Victorine Douin Effect of aging on cardiac stromal cell biology

Course and current status

Assistant professor in Physiology (faculty of Pharmaceutical Sciences, Paul Sabatier University) and in the team Cardiac remodelling : pathophysiology and new therapies (Pr A Parini), Institute of Metabolic and Cardiovascular Diseases I2MC, Inserm U1048, Toulouse, France

Degrees : PhD of Biology-Health-Biotechnology (2001) and Pharmaceutics thesis (1997) Paul Sabatier University, Toulouse, France

2010 Post-doctoral position in the departement of Metabolism and Obesity (Pr R Burcelin), I2MR, Inserm U858, Toulouse, France.

2009-2004 Assistant professor in the departement of Physiology (Pr JF Arnal) at the Medecine faculty, Paul Sabatier University and Inserm U858, Toulouse, France. 

2003-2004 Post-doctoral position in the departement of Molecular Immunology and T cell Biology (Dr JC Guéry), CPTP, Inserm U563, Toulouse, France.

2002-2003 Assistant professor in the departement of Biochemistry and Molecular Biology (Pr G. Favre and Pr F LeGaillard) at the Pharmaceutics faculty, Paul Sabatier University, Toulouse, France.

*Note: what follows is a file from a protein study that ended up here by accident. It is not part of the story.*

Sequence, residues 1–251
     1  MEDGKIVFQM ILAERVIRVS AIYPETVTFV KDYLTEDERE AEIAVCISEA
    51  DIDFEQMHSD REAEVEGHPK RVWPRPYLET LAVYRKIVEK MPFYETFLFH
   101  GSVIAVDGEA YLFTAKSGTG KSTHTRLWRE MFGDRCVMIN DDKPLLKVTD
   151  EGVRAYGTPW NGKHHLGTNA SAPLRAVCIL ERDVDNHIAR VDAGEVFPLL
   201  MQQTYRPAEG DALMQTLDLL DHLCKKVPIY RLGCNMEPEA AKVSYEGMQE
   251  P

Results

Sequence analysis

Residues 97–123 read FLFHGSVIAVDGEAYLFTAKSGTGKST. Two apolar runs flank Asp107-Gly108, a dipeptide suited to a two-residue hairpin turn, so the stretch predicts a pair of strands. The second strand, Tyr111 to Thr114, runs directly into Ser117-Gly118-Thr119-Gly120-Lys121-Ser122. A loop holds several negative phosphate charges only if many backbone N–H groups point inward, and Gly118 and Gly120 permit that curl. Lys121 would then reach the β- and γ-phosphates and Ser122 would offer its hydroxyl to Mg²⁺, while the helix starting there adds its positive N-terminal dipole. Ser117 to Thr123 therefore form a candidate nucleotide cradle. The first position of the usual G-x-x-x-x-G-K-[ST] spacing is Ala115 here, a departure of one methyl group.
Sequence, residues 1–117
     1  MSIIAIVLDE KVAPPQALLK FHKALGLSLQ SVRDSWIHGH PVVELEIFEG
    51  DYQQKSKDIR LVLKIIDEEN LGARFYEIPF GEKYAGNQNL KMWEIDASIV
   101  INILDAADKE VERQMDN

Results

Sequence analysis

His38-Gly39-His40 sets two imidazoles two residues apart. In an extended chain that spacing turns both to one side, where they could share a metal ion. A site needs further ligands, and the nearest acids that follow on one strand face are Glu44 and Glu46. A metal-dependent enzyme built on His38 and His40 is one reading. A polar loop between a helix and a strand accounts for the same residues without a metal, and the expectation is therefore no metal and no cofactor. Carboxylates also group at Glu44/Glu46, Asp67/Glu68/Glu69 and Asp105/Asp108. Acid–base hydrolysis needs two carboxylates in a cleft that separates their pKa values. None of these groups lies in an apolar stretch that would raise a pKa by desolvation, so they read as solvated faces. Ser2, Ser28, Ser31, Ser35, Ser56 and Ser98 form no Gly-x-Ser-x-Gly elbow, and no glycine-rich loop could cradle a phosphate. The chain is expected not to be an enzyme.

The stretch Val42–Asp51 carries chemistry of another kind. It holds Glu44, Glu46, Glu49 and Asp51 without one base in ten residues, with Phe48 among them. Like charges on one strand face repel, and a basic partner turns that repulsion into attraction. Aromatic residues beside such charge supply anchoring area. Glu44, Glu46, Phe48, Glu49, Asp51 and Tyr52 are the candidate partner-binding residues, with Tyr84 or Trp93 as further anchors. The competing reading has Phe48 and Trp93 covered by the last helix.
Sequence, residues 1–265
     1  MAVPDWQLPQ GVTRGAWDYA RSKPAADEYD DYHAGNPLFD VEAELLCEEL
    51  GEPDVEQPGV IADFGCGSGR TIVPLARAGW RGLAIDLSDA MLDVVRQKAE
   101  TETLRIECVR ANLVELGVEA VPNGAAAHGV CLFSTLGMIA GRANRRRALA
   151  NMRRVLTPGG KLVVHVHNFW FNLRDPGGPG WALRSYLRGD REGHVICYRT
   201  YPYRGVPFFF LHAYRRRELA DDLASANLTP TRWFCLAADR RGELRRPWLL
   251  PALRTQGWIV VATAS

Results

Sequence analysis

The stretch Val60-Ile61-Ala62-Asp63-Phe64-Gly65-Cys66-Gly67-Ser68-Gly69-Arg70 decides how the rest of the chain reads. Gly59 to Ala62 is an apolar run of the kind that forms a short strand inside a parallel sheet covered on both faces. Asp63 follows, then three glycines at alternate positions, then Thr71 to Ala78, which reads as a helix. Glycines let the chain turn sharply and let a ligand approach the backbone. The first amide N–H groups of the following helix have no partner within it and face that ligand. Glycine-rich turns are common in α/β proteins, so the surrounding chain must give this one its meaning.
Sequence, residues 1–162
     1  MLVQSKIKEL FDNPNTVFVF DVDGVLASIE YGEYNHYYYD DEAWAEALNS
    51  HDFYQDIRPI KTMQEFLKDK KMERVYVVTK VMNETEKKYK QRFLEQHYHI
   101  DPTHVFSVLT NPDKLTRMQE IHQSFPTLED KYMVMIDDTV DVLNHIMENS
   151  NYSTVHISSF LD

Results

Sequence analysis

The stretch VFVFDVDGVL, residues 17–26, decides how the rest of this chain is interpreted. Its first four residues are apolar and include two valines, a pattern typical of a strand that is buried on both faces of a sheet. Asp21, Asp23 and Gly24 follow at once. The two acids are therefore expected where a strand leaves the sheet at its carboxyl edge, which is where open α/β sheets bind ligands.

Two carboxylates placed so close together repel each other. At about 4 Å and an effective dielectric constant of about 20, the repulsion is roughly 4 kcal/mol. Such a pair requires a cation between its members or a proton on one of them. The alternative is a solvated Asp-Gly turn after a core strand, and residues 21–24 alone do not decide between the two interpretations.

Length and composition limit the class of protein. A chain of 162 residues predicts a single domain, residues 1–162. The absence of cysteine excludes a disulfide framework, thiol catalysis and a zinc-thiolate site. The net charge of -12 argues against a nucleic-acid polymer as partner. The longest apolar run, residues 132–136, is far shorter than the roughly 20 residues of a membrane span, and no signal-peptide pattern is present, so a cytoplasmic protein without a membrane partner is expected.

Scientific summary

Homeostasis of adult tissues results of a crosstalk between the parenchyma and the stromal components including extracellular matrix and interstitial heterogeneous cellular actors. Mesenchymal stromal cells have been identified in solid tissues of rodents and humans including heart, kidney, lung, liver and adipose tissue. These cell populations are heterogeneous, dynamic, and regulate surrounding cells by their paracrine activities and participate in cell tissue renewal. Aging is generally associated to a progressive decline of organ functions that predispose to chronic diseases. At present, the contribution of mesenchymal stromal cell senescence and dysfunction in aging-associated organ failure is unknown.

Our project aims to characterize the evolution of mesenchymal stromal cell subpopulations and their functions during aging in the heart as well as their interplay with cardiac macrophages, crucial stromal actors of the innate immune response. 

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